Pubdate: Fri, 30 Aug 2013
Source: Arizona Daily Sun (AZ)
Copyright: 2013 Arizona Daily Sun
Author: Howard Fischer


PHOENIX - A decision Thursday by U.S. Department of Justice not to 
challenge marijuana legalization by two states does not make 
Arizona's own medical marijuana law any more legal or acceptable, key 
prosecutors said.

Maricopa County Attorney Bill Montgomery said he will not drop his 
bid to have the state's 2010 voter-approved law declared illegal. 
Montgomery said that, no matter what U.S. Attorney General Eric 
Holder says about letting Colorado and Washington legalize marijuana, 
possession and sale of the drug remains a federal crime.

That view is shared by state Attorney General Tom Horne, who has 
joined with Montgomery to void at least part of the law.

"They can exercise prosecutorial discretion and not enforce the law," 
he said of the Department of Justice.

"But that's not the issue," Horne continued. "The issue is that a 
state law cannot make legal what a federal makes illegal."

In a four-page memo Thursday to all federal prosecutors, James Cole, 
the deputy federal attorney general, conceded as much. But Cole, in 
"guidance" to those prosecutors, said they should, in essence, leave 
such questions of the sale and possession of small amounts of 
marijuana to the states.

Cole said that is not a license for states to do anything they want. 
He said any decision by federal prosecutors to essentially turn a 
blind eye to state practices is conditional on them having sufficient 
safeguards in their systems, such as preventing the distribution of 
marijuana to minors and ensuring that the drug is not diverted to 
other states where possession remains illegal.

The willingness of federal prosecutors to not try to disturb laws 
that allow the sale and use of marijuana for recreational purposes 
virtually certainly means that more restrictive programs for medical 
use, like the one in Arizona, will also remain under Department of 
Justice radar.

Arizona law permits someone who has one of a specific list of medical 
conditions and doctor's recommendation to obtain up to 2 1/2 ounces 
of the drug every two weeks.

The law also has the state Department of Health Services licensing 
about 100 dispensaries to sell the drug legally to those with 
state-issued cards. And the health department has set up inventory 
control regulations to ensure that what is grown for medical use is 
not diverted for anything else.

More than a dozen states have similar laws.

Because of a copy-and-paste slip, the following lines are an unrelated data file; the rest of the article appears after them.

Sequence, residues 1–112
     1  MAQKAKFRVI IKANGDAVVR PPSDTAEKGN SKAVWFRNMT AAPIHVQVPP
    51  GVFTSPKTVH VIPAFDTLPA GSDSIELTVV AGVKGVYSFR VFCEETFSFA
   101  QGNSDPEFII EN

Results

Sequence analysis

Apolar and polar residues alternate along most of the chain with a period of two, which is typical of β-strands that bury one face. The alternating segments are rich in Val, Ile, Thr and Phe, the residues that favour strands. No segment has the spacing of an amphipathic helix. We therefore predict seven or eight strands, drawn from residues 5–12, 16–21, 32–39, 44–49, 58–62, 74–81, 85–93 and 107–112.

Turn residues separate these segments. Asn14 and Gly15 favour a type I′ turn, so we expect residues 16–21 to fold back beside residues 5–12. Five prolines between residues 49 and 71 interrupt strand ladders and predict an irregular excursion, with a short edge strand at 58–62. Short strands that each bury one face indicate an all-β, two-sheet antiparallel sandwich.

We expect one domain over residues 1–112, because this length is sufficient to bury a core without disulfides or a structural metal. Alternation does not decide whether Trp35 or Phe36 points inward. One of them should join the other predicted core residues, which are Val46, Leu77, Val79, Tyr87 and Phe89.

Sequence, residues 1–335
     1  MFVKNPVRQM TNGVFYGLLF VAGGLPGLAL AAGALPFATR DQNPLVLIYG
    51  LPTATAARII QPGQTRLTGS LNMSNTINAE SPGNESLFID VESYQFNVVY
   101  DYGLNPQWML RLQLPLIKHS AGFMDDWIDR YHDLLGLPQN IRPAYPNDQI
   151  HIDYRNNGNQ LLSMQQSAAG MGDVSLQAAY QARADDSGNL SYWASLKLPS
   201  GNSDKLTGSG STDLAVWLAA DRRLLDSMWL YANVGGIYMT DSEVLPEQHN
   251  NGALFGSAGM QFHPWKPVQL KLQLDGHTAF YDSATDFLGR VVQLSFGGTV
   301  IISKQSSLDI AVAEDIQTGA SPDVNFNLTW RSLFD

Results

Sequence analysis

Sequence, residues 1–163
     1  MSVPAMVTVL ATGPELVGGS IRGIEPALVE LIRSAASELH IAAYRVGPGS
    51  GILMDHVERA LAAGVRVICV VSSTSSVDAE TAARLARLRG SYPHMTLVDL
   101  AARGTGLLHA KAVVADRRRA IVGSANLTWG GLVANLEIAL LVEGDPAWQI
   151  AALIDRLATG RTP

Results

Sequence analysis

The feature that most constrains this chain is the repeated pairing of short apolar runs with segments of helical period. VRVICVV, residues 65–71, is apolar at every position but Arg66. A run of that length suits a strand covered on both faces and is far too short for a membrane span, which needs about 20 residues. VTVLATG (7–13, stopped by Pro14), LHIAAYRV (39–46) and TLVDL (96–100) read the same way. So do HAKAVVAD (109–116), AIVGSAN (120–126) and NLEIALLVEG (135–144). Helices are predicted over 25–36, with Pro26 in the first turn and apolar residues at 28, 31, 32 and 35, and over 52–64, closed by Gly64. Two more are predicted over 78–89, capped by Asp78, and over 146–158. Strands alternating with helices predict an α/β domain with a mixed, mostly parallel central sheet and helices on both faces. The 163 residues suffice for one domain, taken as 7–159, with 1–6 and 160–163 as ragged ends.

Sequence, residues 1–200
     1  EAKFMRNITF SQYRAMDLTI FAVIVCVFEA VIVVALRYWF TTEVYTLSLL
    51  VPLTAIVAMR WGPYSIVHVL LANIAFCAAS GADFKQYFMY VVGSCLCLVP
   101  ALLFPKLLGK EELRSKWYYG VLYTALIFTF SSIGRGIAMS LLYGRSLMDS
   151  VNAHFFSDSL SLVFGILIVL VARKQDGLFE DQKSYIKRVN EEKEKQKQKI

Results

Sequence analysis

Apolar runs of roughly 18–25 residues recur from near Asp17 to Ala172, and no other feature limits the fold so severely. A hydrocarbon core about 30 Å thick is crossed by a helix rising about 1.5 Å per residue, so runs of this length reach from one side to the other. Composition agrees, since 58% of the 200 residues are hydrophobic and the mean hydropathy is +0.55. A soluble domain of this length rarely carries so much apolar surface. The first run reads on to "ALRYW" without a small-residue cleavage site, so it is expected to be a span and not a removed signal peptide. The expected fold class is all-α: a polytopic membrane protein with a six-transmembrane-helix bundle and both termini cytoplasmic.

The Department of Justice never gave approval for any of them but, 
until now, generally took the position it had more pressing issues to 
pursue than medical use of marijuana, though federal agents did raid 
some large distributors in California. But that policy ran smack into 
the decision by voters in Colorado and Washington to let all adults 
use the drug just for the heck of it.

In some ways, the now-revised policy is not a surprise. It was 
foretold in December when President Obama was asked about what the 
two states adopted.

"We've got bigger fish to fry," he said. "It would not make sense for 
us to see a top priority as going after recreational users in states 
that have determine that it's legal."

But Montgomery pointed out that the Obama administration has not 
asked Congress to repeal laws which make marijuana possession a felony.

"If you want to do this, there's a process," he said. "But you can't 
simply say 'that's the law but for at least the next three year's 
we're not going to enforce it.' "

He also noted the position taken by the Department of Justice is 
strictly policy, meaning a new administration taking office in 2015 
could reverse it. More to the point, there is a five-year statute of 
limitations, allowing whoever is the new attorney general to direct 
federal prosecutors to file charges for things that are occurring now.

In December, Maricopa County Superior Court Judge Michael Gordon 
rejected arguments by Horne and Montgomery to have the 2010 Arizona 
law declared illegal because of federal preemption.

Gordon pointed out that 18 states and the District of Columbia 
already have laws permitting some form of legal marijuana use. And 
the judge said he wasn't about to declare Arizona's own version invalid.

"This court will not rule that Arizona, having sided with the 
ever-growing minority of states and having limited it to medical use, 
has violated public policy," he wrote.

Horne, who is appealing along with Montgomery, said that ignores the 
fact that the federal Controlled Substances Act classifies marijuana 
as a Schedule 1 drug for which there is no legitimate medical use. He 
said that preempts state laws.

Gordon agreed the 2010 initiative allowing the medical use of 
marijuana reflects "a very narrow but different policy choice" about 
the drug. But he said the fact Arizona has a different view of the 
drug does not conflict with or illegally undermine the federal law: 
Federal agents remain free to arrest Arizonans who violate federal law.

Montgomery also was a bit bemused at what he said amounts to a stance 
by the Obama administration that it will defer to the wishes of each 
state - at least on this issue. He said that runs contrary to much of 
what else has been coming out of Washington like health care mandates.